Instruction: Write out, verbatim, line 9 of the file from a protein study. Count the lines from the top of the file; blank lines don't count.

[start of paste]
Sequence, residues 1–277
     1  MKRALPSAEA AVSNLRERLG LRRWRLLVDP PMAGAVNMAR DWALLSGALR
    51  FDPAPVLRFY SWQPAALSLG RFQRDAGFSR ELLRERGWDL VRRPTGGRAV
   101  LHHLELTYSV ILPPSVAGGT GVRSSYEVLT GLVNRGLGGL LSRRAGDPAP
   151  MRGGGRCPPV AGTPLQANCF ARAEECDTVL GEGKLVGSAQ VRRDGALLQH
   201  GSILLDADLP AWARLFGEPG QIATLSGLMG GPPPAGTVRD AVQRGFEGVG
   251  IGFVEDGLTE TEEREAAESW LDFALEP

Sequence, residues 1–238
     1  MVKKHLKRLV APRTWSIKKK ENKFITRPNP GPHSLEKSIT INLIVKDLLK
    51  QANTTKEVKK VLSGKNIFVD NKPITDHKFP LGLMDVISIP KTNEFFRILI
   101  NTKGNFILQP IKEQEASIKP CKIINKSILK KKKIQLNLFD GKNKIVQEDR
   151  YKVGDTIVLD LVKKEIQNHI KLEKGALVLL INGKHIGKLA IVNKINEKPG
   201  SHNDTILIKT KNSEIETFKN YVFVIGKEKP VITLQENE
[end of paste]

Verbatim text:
     1  MVKKHLKRLV APRTWSIKKK ENKFITRPNP GPHSLEKSIT INLIVKDLLK